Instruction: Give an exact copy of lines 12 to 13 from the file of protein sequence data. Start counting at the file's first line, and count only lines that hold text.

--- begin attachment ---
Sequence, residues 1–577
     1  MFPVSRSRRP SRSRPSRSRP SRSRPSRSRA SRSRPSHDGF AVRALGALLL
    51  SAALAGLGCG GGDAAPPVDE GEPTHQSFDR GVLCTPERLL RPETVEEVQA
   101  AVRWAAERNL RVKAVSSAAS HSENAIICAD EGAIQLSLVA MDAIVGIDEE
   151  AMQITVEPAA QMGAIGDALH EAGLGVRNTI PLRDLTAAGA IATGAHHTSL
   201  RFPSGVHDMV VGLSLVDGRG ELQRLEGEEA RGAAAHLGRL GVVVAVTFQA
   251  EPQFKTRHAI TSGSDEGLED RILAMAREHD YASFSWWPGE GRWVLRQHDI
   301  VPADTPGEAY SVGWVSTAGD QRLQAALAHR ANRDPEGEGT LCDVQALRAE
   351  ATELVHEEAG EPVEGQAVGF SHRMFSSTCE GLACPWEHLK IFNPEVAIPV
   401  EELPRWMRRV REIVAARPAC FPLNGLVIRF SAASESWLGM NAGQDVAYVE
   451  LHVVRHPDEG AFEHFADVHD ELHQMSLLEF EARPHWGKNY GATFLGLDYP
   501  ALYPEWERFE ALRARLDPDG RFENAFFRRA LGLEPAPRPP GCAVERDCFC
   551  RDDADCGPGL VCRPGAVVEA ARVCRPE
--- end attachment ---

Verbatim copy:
   501  ALYPEWERFE ALRARLDPDG RFENAFFRRA LGLEPAPRPP GCAVERDCFC
   551  RDDADCGPGL VCRPGAVVEA ARVCRPE